j j In arid or semi-arid ecosystems, forests can evapo-transpire up to 90 percent of the rainfall. However, by avoiding erosion, forests play a key role in the protection of soil resources. Accordingly, the challenge in arid zone forests is to optimize the trade-offs between water yield and soil protection. Main recommendations: j j The interactions between forest cover and water are complex with regard to different variables such as low flow, high flow, water yield and water quality.They depend on many parameters which often have a site-specific nature.The present scientific knowledge on forest and water interactions needsw to be efficiently and effectively communicated to policy-makers and society at large.

j j The components of the water cycle and the water budget should be considered in an integrated manner, taking into account both the Blue Water (water in liquid form, used for the human needs or flowing to the oceans) and the Green Water (water in vapour form, resulting from evaporation and transpiration processes). Le f t : © P. Me n d u ck i - Rig Ce lis n

j j When large-scale forest plantations (for example,for carbon sequestration) are planned, it must be ensured that water shortage will not be accentuated. j j The time has come for designing innovative policies and strategies, aimed at balancing water for man and water for natural ecosystems through an interdisciplinary and integrated management approach.This agenda will require collaboration and increased efforts from the scientific community for structuring the available knowledge in a comprehensive manner and for undertaking new scientific investigations.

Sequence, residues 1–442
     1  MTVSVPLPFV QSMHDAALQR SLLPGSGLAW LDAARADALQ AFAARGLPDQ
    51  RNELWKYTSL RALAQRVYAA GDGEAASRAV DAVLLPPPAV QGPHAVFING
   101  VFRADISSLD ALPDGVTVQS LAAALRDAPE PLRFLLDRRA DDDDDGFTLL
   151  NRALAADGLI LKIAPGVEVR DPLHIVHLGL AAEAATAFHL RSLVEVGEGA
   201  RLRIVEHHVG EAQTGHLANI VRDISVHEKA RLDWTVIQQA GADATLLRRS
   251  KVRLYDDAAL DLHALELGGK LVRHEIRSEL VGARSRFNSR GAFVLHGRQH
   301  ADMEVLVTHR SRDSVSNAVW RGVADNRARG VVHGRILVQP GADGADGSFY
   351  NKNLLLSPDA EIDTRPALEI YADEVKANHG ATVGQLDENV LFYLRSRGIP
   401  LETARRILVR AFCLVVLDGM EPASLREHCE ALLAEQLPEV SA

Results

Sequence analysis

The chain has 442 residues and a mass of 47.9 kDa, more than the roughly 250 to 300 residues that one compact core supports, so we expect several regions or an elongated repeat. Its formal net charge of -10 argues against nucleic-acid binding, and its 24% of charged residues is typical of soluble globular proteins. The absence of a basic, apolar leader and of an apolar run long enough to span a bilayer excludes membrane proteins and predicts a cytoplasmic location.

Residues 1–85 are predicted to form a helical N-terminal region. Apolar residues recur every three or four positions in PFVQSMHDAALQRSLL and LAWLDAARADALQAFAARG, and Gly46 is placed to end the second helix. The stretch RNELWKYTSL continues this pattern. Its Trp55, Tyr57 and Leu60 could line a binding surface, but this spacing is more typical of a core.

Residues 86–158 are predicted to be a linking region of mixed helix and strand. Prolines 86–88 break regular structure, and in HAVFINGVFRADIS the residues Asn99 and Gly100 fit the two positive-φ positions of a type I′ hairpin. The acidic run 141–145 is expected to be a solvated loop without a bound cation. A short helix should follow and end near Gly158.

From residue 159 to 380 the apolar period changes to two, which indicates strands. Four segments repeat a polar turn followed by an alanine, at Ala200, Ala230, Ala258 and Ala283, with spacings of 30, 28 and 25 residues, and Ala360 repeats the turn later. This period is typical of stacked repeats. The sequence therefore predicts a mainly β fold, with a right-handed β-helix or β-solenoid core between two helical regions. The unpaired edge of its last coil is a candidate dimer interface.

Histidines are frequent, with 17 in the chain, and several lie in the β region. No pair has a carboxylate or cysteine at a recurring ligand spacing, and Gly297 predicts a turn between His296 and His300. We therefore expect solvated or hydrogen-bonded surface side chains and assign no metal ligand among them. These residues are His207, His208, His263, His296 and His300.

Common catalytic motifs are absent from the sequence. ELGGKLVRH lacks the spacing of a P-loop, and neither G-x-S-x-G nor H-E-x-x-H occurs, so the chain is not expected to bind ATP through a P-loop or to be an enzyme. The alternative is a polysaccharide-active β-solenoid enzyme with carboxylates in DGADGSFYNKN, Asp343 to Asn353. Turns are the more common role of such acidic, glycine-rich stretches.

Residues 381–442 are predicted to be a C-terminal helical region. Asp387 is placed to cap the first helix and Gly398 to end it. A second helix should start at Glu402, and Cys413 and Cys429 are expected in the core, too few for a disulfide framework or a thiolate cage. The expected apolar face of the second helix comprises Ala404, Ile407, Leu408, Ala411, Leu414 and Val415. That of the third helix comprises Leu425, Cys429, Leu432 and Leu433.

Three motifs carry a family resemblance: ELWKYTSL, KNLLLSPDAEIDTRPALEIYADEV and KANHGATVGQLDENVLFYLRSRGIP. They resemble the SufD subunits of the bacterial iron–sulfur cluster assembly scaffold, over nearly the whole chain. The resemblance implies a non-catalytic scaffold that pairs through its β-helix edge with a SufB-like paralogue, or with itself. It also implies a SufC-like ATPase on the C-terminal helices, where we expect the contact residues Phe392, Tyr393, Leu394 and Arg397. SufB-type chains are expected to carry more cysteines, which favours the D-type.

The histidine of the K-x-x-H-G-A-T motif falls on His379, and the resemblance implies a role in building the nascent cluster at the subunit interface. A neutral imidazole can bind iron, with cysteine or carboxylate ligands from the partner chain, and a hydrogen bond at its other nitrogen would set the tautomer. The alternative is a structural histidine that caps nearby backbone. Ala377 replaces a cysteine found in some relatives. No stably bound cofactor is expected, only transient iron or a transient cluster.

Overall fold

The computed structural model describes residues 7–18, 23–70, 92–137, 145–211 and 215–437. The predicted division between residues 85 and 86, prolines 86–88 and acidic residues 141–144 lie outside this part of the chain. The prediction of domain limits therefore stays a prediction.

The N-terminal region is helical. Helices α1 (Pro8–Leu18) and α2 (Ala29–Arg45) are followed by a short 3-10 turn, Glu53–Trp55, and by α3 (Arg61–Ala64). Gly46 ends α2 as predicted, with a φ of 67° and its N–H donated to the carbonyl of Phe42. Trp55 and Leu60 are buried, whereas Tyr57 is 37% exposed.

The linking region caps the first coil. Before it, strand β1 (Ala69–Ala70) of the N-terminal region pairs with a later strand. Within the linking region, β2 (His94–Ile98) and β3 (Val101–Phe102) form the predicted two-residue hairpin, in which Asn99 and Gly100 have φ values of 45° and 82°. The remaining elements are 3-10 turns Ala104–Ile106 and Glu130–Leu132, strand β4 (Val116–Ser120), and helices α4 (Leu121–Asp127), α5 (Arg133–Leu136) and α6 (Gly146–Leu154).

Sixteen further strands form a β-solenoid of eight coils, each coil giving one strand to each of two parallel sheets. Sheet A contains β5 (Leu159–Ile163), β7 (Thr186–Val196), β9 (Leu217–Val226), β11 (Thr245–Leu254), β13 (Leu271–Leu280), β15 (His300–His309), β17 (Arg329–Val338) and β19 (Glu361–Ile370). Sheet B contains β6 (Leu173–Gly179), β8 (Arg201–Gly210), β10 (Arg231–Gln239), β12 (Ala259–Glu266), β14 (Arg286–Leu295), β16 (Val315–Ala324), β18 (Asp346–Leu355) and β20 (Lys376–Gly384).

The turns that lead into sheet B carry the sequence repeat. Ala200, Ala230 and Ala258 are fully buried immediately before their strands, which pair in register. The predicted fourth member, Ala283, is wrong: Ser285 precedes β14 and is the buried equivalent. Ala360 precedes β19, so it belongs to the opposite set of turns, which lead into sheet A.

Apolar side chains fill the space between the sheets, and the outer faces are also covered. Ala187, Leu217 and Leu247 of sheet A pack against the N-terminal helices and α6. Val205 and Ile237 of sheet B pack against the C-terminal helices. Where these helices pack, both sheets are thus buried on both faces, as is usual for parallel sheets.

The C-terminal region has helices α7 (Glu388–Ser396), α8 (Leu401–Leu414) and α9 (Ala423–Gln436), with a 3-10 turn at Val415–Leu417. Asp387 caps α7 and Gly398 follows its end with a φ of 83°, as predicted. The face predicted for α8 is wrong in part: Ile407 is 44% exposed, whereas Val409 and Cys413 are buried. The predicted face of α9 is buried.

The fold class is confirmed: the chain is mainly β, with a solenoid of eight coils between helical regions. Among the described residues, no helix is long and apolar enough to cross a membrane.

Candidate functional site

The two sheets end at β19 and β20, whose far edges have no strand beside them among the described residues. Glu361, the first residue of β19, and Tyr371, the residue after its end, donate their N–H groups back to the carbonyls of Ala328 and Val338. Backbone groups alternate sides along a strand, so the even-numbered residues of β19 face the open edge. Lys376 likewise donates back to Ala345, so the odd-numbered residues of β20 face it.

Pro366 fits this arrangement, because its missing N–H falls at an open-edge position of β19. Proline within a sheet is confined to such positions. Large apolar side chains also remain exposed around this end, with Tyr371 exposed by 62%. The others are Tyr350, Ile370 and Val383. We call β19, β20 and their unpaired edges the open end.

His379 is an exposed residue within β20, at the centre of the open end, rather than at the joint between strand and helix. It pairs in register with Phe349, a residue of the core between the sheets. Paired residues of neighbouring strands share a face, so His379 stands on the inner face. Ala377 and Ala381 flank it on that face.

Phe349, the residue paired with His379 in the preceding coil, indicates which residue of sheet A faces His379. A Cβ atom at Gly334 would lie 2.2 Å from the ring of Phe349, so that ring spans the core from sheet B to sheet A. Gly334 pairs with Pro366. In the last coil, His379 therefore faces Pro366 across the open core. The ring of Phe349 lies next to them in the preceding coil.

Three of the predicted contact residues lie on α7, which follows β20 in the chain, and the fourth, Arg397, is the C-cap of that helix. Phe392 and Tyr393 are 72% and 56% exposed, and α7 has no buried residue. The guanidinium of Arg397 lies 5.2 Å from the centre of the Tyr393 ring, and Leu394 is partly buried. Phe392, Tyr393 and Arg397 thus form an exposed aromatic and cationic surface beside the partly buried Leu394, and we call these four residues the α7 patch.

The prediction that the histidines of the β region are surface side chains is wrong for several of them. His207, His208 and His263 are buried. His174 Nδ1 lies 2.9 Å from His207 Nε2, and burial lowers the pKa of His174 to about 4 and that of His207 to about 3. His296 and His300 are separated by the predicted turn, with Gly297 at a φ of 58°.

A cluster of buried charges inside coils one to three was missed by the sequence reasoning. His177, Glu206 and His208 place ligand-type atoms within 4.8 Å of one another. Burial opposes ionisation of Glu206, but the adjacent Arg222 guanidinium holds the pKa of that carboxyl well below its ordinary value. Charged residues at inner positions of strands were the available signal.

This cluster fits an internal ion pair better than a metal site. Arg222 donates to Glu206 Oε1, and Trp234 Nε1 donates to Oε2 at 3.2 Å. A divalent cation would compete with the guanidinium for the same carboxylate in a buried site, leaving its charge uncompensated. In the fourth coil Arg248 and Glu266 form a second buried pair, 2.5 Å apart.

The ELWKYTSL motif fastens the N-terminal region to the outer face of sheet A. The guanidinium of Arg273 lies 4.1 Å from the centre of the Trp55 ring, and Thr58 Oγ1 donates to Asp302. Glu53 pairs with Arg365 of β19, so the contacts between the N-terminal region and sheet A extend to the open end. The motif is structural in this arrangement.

The time has come for designing innovative policies and strategies, aimed at balancing water for man and water for natural ecosystems through an disciplinary and integrated management approach © T.

Ho fe r 3 4 Key features of forest and water-related events 2008–2011 n

The FOREST EUROPE Workshop on Forests and Water entitled Sustainable Forest Management and Influences on Water Resources – Coordinating Policies on Forests and Water was held in Antalya, Turkey, 12-14 May 2009. The workshop was co-organized by FOREST EUROPE, the Government of Turkey, the Government of Switzerland, UNECE Water Convention and FAO. The aim of the workshop was to examine the interrelations and mutual influences of forests and water, how countries approach these topics, and how they currently are and could be reflected in forest and water policies in the pan-European and UNECE region.A primary objective was to contribute to the development of stronger linkages between the two sectors, thereby facilitating the implementation of theWarsaw Resolution 2 on Forests andWater.

Ninety-five participants from both the forest and water sectors, representing 27 countries and 7 organizations in the pan-European and Central Asian regions and neighbouring countries, took part in the workshop.

Keynote presentations on forest and water relationships were given by Thomas Hofer from FAO’s Forestry Department and by Paul Reiter from the International Water Association. An introductory speech was made by Kjersti Bakkebø Fjellstad, FOREST EUROPE, presenting the Warsaw Resolution 2 on Forests and Water and follow‑up work. Tomasz Juszczak from the UNECE Water Convention introduced work conducted under the Convention. Sustainable Forest Management and Influences on Water Resources – Coordinating Policies on Forests and Water n